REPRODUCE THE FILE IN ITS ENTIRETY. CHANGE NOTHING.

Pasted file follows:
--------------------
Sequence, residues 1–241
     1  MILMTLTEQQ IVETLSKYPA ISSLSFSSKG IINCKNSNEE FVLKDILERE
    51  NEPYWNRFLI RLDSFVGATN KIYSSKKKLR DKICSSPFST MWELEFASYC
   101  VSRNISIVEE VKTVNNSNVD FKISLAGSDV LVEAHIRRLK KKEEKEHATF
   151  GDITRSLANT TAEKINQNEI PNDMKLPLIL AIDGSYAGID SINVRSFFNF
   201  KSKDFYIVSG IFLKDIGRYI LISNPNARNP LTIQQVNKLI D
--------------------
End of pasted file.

Sequence, residues 1–241
     1  MILMTLTEQQ IVETLSKYPA ISSLSFSSKG IINCKNSNEE FVLKDILERE
    51  NEPYWNRFLI RLDSFVGATN KIYSSKKKLR DKICSSPFST MWELEFASYC
   101  VSRNISIVEE VKTVNNSNVD FKISLAGSDV LVEAHIRRLK KKEEKEHATF
   151  GDITRSLANT TAEKINQNEI PNDMKLPLIL AIDGSYAGID SINVRSFFNF
   201  KSKDFYIVSG IFLKDIGRYI LISNPNARNP LTIQQVNKLI D